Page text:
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Show me your METAL! Part 1

Okay, so I am a better Classicist than I am a comedian. And so in this entry for Wordy Wonders, we look at the origins of key chemical symbols in ancient words, and will look at the following categories.


i) Metals whose symbol is derived from the Latin or Greek words for the metals

themselves.

ii) Metals that were named using Greek or Latin derived words, from which their

symbols in the Periodic Table are also derived.


This will be a short mini-series of three articles and in this week, we shall focus on the five metals most used by the Romans. The word metal itself, incidentally, comes from Greek, μετάλλον.


Perhaps the most famous metals in this category are gold, silver, lead, copper, and iron. Have you ever sat in chemistry class wondering why the symbols of gold and silver begin with an ‘A’, rather than a ‘G’ or an ‘S’? Well, the answer lies in Latin. Their symbols come from the Latin word for the metal and here they are:


Au The Latin word for gold is aurum, and thus the symbol comes from the first two letters. The cognate adjective was aureus which also denoted a type of coin made from gold, minted only for special commemorative issues. Another rather charming link with the Latin for the precious metal comes from James Bond. The name of the villain who ‘loves only gold’ takes his name from the Latin for gold. Yep, Auric Goldfinger!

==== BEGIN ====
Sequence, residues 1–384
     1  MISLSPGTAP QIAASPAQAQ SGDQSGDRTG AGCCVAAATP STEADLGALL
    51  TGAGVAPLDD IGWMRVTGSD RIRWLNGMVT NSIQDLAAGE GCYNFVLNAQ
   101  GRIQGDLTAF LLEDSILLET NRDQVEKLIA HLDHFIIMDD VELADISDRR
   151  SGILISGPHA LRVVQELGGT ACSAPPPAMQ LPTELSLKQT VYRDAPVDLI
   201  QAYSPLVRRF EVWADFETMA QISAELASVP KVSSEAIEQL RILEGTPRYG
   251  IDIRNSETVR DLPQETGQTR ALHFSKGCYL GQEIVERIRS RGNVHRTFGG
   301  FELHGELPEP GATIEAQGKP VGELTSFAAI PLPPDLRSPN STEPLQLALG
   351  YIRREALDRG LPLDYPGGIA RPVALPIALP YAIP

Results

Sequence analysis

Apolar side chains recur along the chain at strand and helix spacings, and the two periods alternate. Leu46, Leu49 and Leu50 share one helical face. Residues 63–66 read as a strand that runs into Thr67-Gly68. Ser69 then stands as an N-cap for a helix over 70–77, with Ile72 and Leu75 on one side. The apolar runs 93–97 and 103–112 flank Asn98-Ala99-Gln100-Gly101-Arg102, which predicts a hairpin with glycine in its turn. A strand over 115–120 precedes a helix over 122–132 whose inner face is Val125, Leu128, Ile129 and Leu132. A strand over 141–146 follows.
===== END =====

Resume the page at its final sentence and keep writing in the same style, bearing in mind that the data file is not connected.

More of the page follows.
Ag Ag comes from the Latin argentum meaning silver, and also money. In fact, a banker was an argentarius. The Latin word is closely related to the Greek for silver, which is ἀργυριον. Whether the Latin came from the Greek, or they both came from an older parent-language is not entirely certain. These are not incompatible.


Pb I remember fondly reading the first edition of Rotten Romans by Terry Deary and laughing at the following wry remark when explaining the connection between Pb and the Roman word for lead, plumbum: ‘No, it’s not the Latin for purple bottom.’ No, it is not. The Romans got their lead from Sardinia and Sicily, as well as other places. Our word ‘plumber’ comes from this word. Pipes were made from lead and thus, he was a ‘lead worker.’


Cu The Latin word for copper is cuprum. And yes, it is no coincidence that this looks like Cyprus, in Greek Κύπρος. Much Roman copper came from Cyprus, and this perhaps explains the name given to the metal. Our own word ‘copper’ derives from cuprum. The use of the word cuprum was a later development. The Romans already had the word aes. The later term also shares a sweet, if indirect, link with Venus, known to the Greeks Κύπρις (as well as Aphrodite) in reference to the myth that she was born from the sea by the famous island.


Fe ferrum was the Latin for iron, which also survives in the scientific term ‘ferrous’ meaning ‘containing iron.’ ferrum was also a word for sword, referencing the metal from which they were made. I hope that has IRONed out any confusion.


ENOUGH! Anyway, I hope you have enjoyed the first article in this mini-series. Back soon with the second instalment.

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